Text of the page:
State leader Saleh fails badly with the Berlin SPD

Members vote against Saleh
State leader fails badly at Berlin SPD

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The Berlin SPD is looking for a new party leadership. And even if the new duo has not yet been found, there is already clarity on one point: the incumbent chairman Saleh will not be there. Together with the district politician Lehmann, he suffered an electoral defeat.

The Berlin SPD is facing a spectacular change at the top. In the member survey about the future dual leadership, the incumbent state chairman and long-time Berlin SPD parliamentary group leader Raed Saleh, who ran together with the district politician Luise Lehmann from Marzahn-Hellersdorf, suffered a crushing defeat. The duo only got 15.65 percent, as co-state chairwoman Franziska Giffey announced after the count. She has been in office together with Saleh since November 2020 and did not run again.

The other two applicant duos are now facing a second round of voting because neither achieved an absolute majority. The team made up of Neukölln’s district mayor Martin Hikel and former state secretary Nicola Böcker-Giannini achieved the best result with around 48.2 percent, narrowly missing an absolute majority. The team made up of SPD state deputy Kian Niroomand and the former co-chair of the Berlin SPD women, Jana Bertels, got 36.1 percent and is also still in the race.

The second round of the member survey with the two best-placed teams will take place from May 2nd to 17th at 10 p.m. As in the first round of voting, around 18,000 members are called upon to cast their vote online or by post. In round one, participation was a meager 47.6 percent. Giffey was satisfied with this, but: “Of course you always wish for more.”

“Disappointing for us personally”

After the count, Hikel said that a new era was now ushering in the Berlin SPD. “The members voted against business as usual.” Bertels from the second team said the vote showed the desire of many Social Democrats for a restart of the party. “That would be possible with us.”

Both teams were united by the desire to take action against the establishment at the top of the party and to take new paths in order to bring the SPD, which has been weakening in elections for years, forward again. Programmatically they differ in a few ways. For example, Hikel and Böcker-Giannini questioned free daycare meals for all children, while Niroomand and Bertels spoke out against any changes.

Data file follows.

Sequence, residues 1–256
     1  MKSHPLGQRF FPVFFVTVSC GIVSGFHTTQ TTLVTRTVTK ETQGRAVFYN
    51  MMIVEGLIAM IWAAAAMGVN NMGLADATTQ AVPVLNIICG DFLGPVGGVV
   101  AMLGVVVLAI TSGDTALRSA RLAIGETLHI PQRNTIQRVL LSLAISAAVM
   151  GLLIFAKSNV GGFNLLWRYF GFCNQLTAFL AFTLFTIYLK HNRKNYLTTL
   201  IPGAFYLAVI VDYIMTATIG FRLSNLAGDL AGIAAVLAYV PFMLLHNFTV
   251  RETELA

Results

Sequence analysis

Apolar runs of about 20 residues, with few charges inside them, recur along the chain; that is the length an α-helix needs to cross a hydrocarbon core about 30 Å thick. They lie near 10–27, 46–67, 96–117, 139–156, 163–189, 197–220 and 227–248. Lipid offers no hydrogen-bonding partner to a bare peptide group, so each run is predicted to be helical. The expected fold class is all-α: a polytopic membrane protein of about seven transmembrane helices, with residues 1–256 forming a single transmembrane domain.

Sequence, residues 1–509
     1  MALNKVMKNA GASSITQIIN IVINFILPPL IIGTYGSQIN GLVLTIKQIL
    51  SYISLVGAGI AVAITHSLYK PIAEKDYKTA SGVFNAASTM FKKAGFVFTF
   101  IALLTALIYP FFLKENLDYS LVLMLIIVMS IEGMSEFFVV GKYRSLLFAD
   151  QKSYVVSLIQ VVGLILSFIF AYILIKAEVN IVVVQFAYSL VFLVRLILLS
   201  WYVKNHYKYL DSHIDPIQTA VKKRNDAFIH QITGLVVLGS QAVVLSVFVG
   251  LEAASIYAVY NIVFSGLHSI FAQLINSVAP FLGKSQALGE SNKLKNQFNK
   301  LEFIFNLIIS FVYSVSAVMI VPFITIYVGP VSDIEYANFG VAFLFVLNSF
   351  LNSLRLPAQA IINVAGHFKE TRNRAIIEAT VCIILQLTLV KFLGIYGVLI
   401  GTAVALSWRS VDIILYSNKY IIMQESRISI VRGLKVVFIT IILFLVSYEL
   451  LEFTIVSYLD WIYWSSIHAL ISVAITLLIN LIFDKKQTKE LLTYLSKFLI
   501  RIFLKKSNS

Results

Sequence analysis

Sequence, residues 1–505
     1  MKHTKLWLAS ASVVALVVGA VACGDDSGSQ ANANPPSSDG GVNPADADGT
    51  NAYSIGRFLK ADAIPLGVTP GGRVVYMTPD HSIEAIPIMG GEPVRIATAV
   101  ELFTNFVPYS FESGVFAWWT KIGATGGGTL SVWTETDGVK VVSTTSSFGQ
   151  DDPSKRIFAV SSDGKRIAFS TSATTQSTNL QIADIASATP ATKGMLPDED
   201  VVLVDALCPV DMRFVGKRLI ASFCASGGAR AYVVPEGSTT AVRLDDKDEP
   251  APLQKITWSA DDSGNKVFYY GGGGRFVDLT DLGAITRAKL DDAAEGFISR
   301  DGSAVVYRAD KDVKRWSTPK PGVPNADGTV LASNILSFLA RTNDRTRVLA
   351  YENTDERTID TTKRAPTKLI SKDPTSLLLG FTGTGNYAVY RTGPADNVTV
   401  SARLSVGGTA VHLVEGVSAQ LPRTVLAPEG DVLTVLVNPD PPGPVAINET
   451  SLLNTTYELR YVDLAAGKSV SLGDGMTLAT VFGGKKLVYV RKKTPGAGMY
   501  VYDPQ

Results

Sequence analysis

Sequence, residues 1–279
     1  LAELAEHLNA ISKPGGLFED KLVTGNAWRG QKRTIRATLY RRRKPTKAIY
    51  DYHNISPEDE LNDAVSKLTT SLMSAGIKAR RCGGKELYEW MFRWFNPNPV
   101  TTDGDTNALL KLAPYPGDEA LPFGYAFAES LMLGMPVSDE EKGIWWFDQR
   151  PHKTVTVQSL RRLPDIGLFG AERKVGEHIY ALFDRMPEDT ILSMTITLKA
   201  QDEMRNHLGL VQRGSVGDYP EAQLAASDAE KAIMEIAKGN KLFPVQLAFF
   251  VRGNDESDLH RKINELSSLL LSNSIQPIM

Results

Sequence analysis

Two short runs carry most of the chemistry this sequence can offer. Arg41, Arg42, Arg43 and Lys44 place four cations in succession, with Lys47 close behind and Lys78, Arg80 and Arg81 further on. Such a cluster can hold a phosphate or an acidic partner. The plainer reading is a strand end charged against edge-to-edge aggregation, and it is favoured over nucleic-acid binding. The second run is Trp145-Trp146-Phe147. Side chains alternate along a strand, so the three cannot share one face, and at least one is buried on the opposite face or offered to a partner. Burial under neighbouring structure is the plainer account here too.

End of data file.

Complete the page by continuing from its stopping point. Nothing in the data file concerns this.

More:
Saleh and Lehmann were disappointed. “Our members made a clear decision in the first round of voting, which we accept with respect and responsibility,” both explained. “Of course, this clear result is disappointing for us personally, but as a party the soon-to-be clarity will strengthen us overall and allow us to concentrate and work together.”

Saleh and Giffey have led the SPD since November 2020. After Saleh’s defeat as party leader, the question now arises as to what will happen to the influential politician as parliamentary group leader in the House of Representatives. He has led the parliamentary group since 2011. “The vote here was on the state chairmanship and not on the House of Representatives parliamentary group,” said Giffey.

“The SPD has two good offers,” she added, referring to the remaining two duos. The SPD will also approach the second phase of the member survey with great concentration and will ultimately achieve a good result. “We are committed to ensuring that the SPD regains its strength,” she said. “And we advocate for a democratic city that is economically strong, lives up to its ecological responsibility, but never loses sight of social issues.” A “new departure” is good for that.

Berlin SPD fights against crisis

According to Giffey, member forums with the two teams are planned for May 7th and 14th during the new survey. The result of the second round of voting will then be counted on May 18th. The new dual leadership will be finally elected based on this result at a state party conference on May 25th. Although the members’ vote is not legally binding for the party conference, a different vote by the delegates is practically impossible.

There is unrest and uncertainty in the Berlin SPD because the election results have been going steadily downhill for many years. The preliminary highlight of this development was the repeat election to the Berlin House of Representatives in February 2023. The former People’s Party with Giffey as the top candidate achieved a historically poor result of 18.4 percent and ended up far behind the CDU and only a few votes ahead of the Greens.

After around six and a half years of alliance with the Greens and the Left, the party then entered into a coalition with the CDU – as a junior partner. Giffey, who only moved into the Red City Hall as Governing Mayor at the end of 2021, has since been working as an economics senator in the black-red Senate of her successor Kai Wegner from the CDU.

How divided the Berlin SPD is is made clear by the result of the member vote held before the coalition agreement was signed: Only a narrow majority of 54.3 percent voted for a joint government with the CDU. Participation at that time was around 62 percent. Since then, cooperation in the coalition has worked quite well. But there are still many critics of the alliance in the traditionally left-wing Berlin SPD.

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